What challenges have you face in the course of this line of business?
The major challenge is the Igbo traders. The Igbo traders would want to be the number one distributor and as such, are ready to sell the product below the cost price; so you find out that over discounting is one of the problems that we face.
People will sell a product of N3000 with N20 or N30 and when FIRS comes, they will be overwhelmed. When they see a million-naira turnover, their eyes will pop out.
Another major problem is adulteration of the product. There was a time we contracted a trailer driver to take the product to our customers in the North. When the guy got to Mobil, he saw Mobil lubricants and he was excited and said, ‘This product is in Aba, there was a place where I have loaded this product.’ Yet, Mobil maintains only one production outfit in Nigeria.
In fact, the guy had to insist that we open the carton for him to verify, and when we opened the carton, he said, ‘yes, this product, I have loaded a full trailer before at Aba’. So, you can see the fakers are into business and this is one of the issues we face in the business.
Unfortunately, the law allows it, because if you are caught faking, all the law says is that the penalty is N250,000 and or six months imprisonment. So, somebody who is faking a multi-million naira product, you catch him and you fine him N250,000, he would just pay instantly and return to faking.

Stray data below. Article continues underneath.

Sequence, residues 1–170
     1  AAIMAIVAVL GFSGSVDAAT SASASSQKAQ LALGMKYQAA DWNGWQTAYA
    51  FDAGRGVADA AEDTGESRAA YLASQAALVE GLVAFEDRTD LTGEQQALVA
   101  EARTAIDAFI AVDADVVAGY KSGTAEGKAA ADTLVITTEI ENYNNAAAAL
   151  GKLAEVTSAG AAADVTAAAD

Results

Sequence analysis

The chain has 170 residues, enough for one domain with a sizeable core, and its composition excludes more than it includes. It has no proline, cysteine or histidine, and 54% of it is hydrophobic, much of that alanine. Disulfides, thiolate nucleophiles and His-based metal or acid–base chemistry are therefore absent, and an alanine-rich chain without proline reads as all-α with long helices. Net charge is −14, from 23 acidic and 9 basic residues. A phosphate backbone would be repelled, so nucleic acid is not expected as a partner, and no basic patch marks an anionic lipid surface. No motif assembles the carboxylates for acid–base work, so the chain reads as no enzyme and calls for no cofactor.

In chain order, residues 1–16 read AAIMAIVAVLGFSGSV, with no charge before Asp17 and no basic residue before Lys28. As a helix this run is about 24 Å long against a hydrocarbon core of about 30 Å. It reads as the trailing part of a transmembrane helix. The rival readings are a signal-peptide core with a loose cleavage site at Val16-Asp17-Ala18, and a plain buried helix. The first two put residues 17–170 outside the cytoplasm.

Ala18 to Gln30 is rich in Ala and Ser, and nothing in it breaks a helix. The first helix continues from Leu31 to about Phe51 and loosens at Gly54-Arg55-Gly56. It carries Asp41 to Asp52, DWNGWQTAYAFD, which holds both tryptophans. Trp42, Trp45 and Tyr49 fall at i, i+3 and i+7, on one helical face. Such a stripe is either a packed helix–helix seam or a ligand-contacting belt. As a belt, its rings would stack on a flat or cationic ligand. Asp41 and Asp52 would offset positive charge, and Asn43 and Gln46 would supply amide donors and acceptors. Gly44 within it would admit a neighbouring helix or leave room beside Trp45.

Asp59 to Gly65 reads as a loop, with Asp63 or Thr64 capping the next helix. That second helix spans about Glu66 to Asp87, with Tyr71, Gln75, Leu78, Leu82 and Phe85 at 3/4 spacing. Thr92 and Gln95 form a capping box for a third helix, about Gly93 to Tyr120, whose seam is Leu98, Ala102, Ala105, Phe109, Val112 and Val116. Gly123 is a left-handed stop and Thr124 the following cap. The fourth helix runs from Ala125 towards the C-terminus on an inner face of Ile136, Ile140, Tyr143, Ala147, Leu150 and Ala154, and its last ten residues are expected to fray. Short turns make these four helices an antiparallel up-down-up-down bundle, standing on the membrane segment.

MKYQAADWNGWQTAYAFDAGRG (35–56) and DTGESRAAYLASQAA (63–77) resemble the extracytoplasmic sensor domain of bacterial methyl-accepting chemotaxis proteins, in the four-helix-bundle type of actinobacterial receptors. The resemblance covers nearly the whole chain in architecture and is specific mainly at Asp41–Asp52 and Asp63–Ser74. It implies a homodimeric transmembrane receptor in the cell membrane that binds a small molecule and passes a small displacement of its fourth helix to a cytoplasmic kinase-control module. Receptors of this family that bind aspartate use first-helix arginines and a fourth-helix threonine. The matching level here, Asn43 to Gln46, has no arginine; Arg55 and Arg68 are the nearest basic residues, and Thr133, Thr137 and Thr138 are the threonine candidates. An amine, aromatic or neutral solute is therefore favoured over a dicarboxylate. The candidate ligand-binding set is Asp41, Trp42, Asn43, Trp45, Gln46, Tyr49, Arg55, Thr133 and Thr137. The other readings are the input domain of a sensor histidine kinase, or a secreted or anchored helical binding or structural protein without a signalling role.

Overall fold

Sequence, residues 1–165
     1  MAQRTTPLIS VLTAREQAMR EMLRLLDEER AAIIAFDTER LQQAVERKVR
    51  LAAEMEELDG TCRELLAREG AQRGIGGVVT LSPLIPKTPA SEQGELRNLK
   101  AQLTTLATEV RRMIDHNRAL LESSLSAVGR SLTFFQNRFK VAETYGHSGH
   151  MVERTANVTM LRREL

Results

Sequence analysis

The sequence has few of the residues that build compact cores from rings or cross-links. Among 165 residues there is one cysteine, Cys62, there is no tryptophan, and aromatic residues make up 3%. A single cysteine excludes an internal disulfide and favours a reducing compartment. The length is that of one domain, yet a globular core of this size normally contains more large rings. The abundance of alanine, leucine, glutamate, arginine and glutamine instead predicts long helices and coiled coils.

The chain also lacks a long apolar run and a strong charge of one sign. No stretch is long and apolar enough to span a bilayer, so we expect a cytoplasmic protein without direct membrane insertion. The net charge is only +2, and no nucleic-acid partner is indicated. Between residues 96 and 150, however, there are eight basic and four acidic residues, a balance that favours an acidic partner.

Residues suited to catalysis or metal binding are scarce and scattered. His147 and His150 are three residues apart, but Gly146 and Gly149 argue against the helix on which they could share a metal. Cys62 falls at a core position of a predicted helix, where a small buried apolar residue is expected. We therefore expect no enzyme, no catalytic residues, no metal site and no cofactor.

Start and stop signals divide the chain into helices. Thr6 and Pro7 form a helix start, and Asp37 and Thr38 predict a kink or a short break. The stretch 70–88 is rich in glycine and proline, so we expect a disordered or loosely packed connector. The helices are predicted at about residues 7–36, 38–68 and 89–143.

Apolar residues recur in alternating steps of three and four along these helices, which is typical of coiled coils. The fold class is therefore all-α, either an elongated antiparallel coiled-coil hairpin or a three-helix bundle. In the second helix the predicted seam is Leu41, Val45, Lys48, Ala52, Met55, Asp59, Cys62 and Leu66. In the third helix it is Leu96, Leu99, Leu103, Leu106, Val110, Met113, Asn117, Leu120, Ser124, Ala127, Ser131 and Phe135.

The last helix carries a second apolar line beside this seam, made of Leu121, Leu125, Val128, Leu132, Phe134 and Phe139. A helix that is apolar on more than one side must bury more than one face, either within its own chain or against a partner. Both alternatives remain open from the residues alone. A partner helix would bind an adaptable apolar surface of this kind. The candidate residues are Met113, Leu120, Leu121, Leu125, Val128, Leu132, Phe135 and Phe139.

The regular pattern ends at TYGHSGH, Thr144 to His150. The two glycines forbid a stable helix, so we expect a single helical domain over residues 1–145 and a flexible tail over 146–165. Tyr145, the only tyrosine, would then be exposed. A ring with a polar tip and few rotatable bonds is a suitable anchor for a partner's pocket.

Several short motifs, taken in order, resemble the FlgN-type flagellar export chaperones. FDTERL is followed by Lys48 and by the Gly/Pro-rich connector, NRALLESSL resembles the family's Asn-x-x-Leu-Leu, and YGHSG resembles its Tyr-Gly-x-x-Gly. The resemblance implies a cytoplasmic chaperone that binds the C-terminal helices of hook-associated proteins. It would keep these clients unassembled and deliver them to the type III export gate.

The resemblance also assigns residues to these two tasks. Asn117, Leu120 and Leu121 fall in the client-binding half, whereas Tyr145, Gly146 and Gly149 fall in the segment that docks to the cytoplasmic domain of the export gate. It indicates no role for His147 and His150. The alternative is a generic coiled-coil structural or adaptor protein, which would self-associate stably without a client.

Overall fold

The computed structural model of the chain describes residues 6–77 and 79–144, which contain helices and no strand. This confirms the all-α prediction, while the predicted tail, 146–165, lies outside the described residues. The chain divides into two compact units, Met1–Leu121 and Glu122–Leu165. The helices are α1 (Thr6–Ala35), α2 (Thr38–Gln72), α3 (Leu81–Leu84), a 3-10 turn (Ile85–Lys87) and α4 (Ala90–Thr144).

Looking back from the point where you started, is there anything you wish you had done differently, is there any regret?
Well there are no regrets; maybe there are usual mistakes one make here and there, but one is getting wiser by the day, so we will keep on modulating our systems and controls to ensure that things are well harnessed. We try to use technology to improve the system and business transaction and the dynamics. We have braches in Ilorin, Akure, Ibadan and Lagos, so it takes some logistics to make sure everything goes smoothly.
Scarlets and Snow is a one-man business, is it a family business?
Yes, my two sons, one is an accountant and the other is a business administrator and computer scientist. And in actual fact, they are bringing their wealth of knowledge to bear on the business. The computer scientist is designing systems and controls for the business, and I have found that very exciting and he has made things to move straight forward and so easy, technology is the key to any business.
Where do you hope to see Scarlet and Snow in the next five years?
In the next five years, Scarlet and Snow would have expanded to incorporate new brands into its portfolio and it is also possible that Scarlet and Snow will begin to produce some of its own brand of lubricants for the market, deriving from the wealth of its experiences.